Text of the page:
Thursday, March 19, 2015

On Worship and Mutual Care

Readings from a recent meeting of my Local Meeting's Es&Os (Elders & Overseers).  This was fairly deep with us, and so I thought I'd share:

The heart of the life of the Religious Society of Friends is the Meeting for Worship. It calls for us to offer ourselves, body, mind, and soul for the doing of God’s will.

Worship is the adoring response of the heart and mind to the influence of the Spirit of God. It stands neither in forms nor in the formal disuse of forms; it may be with or without words, but it must be in spirit and in truth (John 4:24). We recognize the value of silence, not as an end, but as a means toward the attainment of the end, which is communication with God, and fellowship with one another.

In all our Meetings for Worship, we gather in a spirit of prayerful obedience to God, with a willingness to give as well as to receive. In speech or in silence, each person contributes to the Meeting. Worshiping God together, we strengthen one another, and our bodies and minds are refreshed in the Life of the Spirit. Our daily lives are linked with the Meeting for Worship, the Meeting for Worship with our daily lives.

Friends are encouraged to give adequate time for study, meditation and prayer, and other ways of preparing for worship, and to arrive at Meeting promptly with an open and expectant spirit. During the Meeting for Worship, some people may feel moved to speak, to share an insight, to pray, to praise. When we feel led to speak, we should do so, clearly and simply. When another speaks, we should listen with an open spirit, seeking the thought behind the words and holding the speaker in love. After a message has been given, Friends should have time to ponder its meaning and to search themselves before another speaks.

How do we prepare our hearts and minds for worship?

Do we meet in expectant waiting for the promptings of the Divine Spirit? Is there a living silence in which we are drawn together by the power of God in our midst? Is this inspiration carried over into our daily living?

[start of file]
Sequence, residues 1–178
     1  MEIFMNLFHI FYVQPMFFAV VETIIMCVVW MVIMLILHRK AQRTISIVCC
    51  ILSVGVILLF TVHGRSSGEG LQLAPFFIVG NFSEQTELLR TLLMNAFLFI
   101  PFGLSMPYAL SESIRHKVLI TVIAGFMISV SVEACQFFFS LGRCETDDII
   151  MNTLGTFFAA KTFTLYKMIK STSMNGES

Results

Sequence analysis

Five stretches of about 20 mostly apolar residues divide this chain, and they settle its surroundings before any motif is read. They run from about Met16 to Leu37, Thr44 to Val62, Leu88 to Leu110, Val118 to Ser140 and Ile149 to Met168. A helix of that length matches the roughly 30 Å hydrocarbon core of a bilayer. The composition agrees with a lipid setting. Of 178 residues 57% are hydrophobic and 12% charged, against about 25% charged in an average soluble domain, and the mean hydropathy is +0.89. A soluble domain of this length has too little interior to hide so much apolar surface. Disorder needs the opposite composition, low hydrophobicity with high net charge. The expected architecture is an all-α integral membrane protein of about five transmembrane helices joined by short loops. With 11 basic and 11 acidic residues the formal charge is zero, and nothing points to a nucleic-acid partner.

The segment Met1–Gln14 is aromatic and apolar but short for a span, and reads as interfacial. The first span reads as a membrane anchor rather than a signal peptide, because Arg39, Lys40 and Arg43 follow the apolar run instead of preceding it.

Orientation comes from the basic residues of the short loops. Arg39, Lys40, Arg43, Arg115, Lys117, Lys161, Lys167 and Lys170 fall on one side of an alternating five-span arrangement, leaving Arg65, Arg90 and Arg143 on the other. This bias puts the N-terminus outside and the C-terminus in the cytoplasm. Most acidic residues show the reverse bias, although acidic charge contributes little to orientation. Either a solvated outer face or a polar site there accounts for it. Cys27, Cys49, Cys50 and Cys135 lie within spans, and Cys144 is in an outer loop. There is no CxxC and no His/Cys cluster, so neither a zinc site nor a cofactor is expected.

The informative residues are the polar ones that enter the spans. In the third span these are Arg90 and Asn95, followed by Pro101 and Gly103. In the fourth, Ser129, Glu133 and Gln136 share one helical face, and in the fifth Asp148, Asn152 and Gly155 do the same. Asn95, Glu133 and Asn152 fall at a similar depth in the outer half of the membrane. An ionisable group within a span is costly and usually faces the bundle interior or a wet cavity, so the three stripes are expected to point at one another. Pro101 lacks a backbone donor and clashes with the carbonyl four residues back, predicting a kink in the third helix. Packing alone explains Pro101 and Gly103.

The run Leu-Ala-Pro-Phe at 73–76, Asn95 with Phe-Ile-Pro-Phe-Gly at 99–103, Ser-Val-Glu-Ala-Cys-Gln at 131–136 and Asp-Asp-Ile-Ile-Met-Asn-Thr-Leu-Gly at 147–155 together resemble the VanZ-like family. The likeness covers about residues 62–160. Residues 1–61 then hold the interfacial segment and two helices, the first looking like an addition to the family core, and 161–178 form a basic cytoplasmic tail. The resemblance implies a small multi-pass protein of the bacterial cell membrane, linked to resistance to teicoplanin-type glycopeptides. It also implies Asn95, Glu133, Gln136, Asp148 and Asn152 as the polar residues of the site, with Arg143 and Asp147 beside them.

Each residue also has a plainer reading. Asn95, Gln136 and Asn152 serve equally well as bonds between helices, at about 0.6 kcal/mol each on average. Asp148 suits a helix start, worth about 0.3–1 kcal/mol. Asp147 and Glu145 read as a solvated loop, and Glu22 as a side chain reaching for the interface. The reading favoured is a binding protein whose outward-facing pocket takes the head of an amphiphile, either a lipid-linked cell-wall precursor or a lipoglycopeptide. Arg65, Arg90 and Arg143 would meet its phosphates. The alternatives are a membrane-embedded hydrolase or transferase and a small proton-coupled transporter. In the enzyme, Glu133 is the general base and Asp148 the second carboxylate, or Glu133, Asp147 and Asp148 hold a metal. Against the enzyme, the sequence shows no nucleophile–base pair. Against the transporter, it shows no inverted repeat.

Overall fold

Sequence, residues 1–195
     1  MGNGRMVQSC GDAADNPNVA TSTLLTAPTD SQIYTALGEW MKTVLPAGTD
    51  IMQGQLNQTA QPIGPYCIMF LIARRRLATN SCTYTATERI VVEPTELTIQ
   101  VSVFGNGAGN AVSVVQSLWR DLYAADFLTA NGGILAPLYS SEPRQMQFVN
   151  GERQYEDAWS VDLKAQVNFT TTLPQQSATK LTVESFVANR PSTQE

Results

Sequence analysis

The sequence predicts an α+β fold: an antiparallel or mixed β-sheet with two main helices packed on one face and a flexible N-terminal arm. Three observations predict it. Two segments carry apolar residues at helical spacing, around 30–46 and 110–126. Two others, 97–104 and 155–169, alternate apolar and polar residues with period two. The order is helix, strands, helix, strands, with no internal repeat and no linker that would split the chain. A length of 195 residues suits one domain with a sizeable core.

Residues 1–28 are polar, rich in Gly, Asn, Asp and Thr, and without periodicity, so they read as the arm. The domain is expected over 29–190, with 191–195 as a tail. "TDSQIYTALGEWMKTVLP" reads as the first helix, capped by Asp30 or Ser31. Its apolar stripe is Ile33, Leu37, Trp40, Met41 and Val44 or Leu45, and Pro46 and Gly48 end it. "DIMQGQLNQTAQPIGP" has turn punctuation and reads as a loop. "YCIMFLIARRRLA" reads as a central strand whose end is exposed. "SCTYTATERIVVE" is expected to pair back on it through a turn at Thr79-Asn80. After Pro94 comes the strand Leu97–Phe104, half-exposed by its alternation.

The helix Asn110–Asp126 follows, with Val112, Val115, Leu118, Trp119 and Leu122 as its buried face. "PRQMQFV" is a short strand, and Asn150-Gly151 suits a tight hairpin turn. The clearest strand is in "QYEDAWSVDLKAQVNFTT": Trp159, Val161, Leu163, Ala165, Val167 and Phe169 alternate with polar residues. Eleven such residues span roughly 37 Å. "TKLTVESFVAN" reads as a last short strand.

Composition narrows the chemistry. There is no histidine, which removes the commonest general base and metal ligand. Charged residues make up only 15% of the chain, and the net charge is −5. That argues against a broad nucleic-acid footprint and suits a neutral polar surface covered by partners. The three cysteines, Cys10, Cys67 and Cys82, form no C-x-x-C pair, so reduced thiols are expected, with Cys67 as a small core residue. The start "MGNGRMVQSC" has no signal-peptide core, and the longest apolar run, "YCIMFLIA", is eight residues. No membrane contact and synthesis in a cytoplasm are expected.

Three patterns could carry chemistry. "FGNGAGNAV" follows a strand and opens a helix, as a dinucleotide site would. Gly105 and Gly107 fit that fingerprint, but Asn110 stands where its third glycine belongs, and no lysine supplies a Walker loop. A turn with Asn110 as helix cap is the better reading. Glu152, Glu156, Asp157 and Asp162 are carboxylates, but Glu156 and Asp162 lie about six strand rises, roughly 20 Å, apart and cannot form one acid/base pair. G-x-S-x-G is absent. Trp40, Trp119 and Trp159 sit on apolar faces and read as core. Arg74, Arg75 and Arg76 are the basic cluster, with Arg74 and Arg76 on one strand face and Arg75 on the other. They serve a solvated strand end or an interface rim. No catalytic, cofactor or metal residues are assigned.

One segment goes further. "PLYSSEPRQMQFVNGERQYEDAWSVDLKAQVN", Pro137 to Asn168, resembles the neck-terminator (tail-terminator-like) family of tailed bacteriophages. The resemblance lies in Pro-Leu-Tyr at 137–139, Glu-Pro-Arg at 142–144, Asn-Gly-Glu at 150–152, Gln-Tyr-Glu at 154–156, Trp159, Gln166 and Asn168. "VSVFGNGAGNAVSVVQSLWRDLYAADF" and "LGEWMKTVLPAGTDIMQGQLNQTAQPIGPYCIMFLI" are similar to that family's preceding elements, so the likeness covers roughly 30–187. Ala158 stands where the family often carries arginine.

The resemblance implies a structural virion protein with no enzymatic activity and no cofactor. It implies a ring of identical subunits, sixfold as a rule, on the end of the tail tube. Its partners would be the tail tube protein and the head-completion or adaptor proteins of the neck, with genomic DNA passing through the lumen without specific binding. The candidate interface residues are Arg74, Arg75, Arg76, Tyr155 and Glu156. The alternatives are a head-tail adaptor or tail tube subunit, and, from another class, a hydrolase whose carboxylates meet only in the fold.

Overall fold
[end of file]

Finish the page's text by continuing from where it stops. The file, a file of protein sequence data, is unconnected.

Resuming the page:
Is the vocal ministry exercised under the leading of the Holy Spirit without prearrangement, and in the simplicity and sincerity of truth? As we listen, or as we speak, are we guided by the Inward Light and sensitive to one another’s needs? Are we careful not to speak at undue length or beyond our light?


Mutual Care

Our need for love and care, and our response to this need in others, make up a rich part of our lives. In an exchange truly grounded in love, each of us is both giver and receiver, ready to help and accept help. Neither pride nor fear keeps us from the unconditional love and care of God manifested through others. Let neither comfort nor self-centeredness blind us to need of others.

We listen to one another with openness of heart and in good faith, aware that greater wisdom than our own is required to meet our human needs. We lift up our hearts to the Source of all wisdom and power.

Are we charitable with each other? How careful are we of the reputation of others? Do we avoid hurtful criticism and gossip?

Do we practice the art of listening to one another, even beyond words?

How well are we able to love each other unconditionally?

Are we sensitive to each other’s personal needs and difficulties and do we assist in useful ways?

~ from Faith and Practice of North Pacific Yearly Meeting, Chapter 6, Advices and Queries, 1993 edition


I recently started a term on Overseers, the pastoral care and counsel group, of my Local Meeting, appointed by Area Meeting. 

I am deeply uncomfortable with the term 'overseer,' because of its association with chattel slavery.   I'm willing to be referred to as a member of Oversight, but I am not comfortable being referred to as an overseer.  And I'd much prefer if we were called something more in line with what we actually are, such as Care & Counsel.  

Local Meeting 'Es&Os' (Elders and Overseers) had one of our regular meetings this week.  Our convener asked me beforehand to bring a reading to share.  Usually these are from Britain Yearly Meeting's Quaker Faith and Practice, but sometimes from other Quaker texts or something different altogether.  I spent part of my afternoon beforehand delightfully buried in several different books.  I ended up finding much more than I was looking for in North Pacific Yearly Meeting's Faith and Practice, which remains one of my all-time favourite Faith and Practice books, for many reasons. 

What I have above is what I ended up reading.  

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